Thursday, 27 August 2015

Dungeon Lord Zine "The First Issue"

Free stuff is awesome. +Taylor Frank is quite the magnanimous character, sending me a copy of his Dungeon Lord Zine.


Taylor Frank - Corey Ryan Walden Review

This thing is pretty awesome. I enjoy an abundance of colour; something you may have witnessed in my own offerings. The interior of this zine is printed on bright green paper, bearing an equally colourful (and pleasingly violent) cover. Although presented as being "compatible with DCC RPG", it is an ideal candidate for general idea-thievery. Okay yes, it's also suitable for DCC players too. The First Issue begins strongly — the interior cover has a one-page adventure.

The adventure is penned by Ron Yonks and is entitled Calcified Caves of the Slime Yeti. Mechanically it is very minimal — the sort of minimalism that endears me to the immediate possibilities. I'm totally going to throw this into my upcoming OD&D campaign as a side-jaunt. I'll change some things of course, but I could almost run it as written. 

The next page is the credits page. Mine came with a temporary tattoo (yes, you read correctly. I have some real ones, but the idea is still fun), and a hand-written note from Taylor. My copy is "damaged" and was thus free. It has some ink stains and a few rough edges. Taylor explains this, but elaborates that it is still a "good example of the issue". Yes it is Taylor, it's a very good example. I received a bunch of stuff from Stormlord Publishing this week, and comparatively they are very fastidious with their workmanship. However, I really appreciated the from-me-to-you aesthetic of Taylor's zine. It's homely, and I think that makes it inviting. If I spill coffee on it I won't really care, but that's how game materials should be used. I have a lot of stuff on my bookshelf that I'm overly careful with because it's effectively too "nice" to use. Dungeon Lord begs you to use it. I will.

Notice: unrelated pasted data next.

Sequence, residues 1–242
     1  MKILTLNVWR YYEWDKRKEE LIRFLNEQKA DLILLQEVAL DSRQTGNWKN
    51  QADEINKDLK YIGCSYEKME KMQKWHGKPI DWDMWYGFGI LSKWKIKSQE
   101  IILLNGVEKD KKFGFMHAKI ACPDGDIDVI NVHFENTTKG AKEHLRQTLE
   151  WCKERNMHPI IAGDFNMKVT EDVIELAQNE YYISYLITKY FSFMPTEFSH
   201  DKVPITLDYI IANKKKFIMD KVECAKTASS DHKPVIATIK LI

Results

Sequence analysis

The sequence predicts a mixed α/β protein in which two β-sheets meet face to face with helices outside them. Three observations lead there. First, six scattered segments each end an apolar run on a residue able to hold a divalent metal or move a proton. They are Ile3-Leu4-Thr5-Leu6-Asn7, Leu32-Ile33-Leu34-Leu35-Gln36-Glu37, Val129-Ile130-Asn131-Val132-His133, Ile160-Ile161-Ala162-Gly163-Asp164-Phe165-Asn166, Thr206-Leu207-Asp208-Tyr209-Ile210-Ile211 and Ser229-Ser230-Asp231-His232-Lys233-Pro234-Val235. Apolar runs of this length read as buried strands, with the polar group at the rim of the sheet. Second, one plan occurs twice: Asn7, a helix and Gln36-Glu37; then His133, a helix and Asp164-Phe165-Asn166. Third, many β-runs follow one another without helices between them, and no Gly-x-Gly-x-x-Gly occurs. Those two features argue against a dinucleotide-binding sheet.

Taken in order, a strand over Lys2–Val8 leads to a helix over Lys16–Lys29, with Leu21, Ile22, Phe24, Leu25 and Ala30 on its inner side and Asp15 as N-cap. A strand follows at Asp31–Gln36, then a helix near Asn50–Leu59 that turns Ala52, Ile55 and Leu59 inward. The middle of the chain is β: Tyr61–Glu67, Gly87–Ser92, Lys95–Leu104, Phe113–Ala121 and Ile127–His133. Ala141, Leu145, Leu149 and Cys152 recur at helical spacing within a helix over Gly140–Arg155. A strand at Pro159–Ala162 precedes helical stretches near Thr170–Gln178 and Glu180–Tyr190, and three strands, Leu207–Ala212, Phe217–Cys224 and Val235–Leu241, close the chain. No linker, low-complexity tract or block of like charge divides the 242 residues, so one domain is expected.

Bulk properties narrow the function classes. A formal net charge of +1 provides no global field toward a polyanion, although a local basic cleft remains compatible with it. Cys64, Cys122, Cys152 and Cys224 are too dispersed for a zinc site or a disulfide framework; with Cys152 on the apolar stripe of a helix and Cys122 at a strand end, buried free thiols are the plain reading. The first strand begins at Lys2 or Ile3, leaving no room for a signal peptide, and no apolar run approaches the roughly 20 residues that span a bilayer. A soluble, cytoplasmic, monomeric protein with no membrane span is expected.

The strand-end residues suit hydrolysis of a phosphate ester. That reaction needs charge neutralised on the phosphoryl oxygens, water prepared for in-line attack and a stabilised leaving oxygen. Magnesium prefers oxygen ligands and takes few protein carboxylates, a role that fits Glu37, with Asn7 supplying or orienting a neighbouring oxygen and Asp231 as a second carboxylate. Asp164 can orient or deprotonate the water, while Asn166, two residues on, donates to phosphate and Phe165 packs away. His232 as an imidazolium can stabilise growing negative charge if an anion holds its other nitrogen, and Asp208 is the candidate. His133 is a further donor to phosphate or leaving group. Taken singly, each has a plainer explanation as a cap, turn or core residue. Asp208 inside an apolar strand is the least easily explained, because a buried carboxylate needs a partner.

The bulk of the zine is comprised of an adventure: "The Caves of the Sacred Seven". I can't be bothered explaining the plot, but it was a nice balance between "ecological" (or sensical) and gonzo. Again, I'll probably use some/all/bits of this in my OD&D campaign. It makes an interesting locale for adventure, with the possibility of finding some nice magic items. It has cavemen, reptilians, dinosaurs, transmuting corridors, "wild men", psychedelic spores, and a "hovel". My kind of adventure. Some bits are slightly silly or not quite my bent, but the basic structure is definitely pleasing. The Caves of the Sacred Seven is fairly basic in execution, providing enough detail to run, but not too much. The reader does not become bogged down when attempting to run it "correctly". It isn't long, and it isn't short. The remainder of the zine varies in usefulness: I didn't like The Tomb of Zarfulgar the Lost (another adventure), but I appreciated the simple (if slightly bland) blank dungeon on the back cover, the historical account of this zine's inception, and the "Random Dungeons Elevation" generator. One page of the zine was a poem, which I was decidedly ambivalent about. It wasn't horrible, more of a page filler. 

Conceptually, I want to discuss two things that particularly impressed me about this issue/zine. The first is the artwork. No one could accuse this zine of an enormous budget for commissioned art, but that is the beauty of it. It reminds me of Gygax and Arneson's earliest D&D efforts, and I mean that as a huge compliment. It is effortless, and is not pretentious. What you see is what you get. There are no gimmicks; nothing to hide behind. The content is either good, or it's shit. And like Gygax and Arneson's first efforts, it invites you to take part. This idea segues nicely into my second point, which is that Taylor actually explicitly asks you to take part. The zine's introduction attributes inspiration to "everyone who ever experienced the joy of fantasy role-playing in such a profound way that the urge to create overcame them." It asks the reader to, in turn, become inspired and "make something of your own."

The cynical reader may be laughing at me for my sentimentality (that's actually a word), but I like it. The DIY scene needs more inclusiveness and encouragement.Taylor seems to champion this idea. Most days, when I scroll down my G+ feed, there will be some kind of negativity about certain subcultural factions of the wider OSR community. That's a normal part of being human, but I find the positivity of this zine (and its creator) extremely refreshing.


Anyway, this thing has my vote. Seriously, in terms of page count and cost, Dungeon Lord punches far above its weight. I've paid $40 for supplements I've liked less, and with much larger budgets. Maybe the best things in life are free.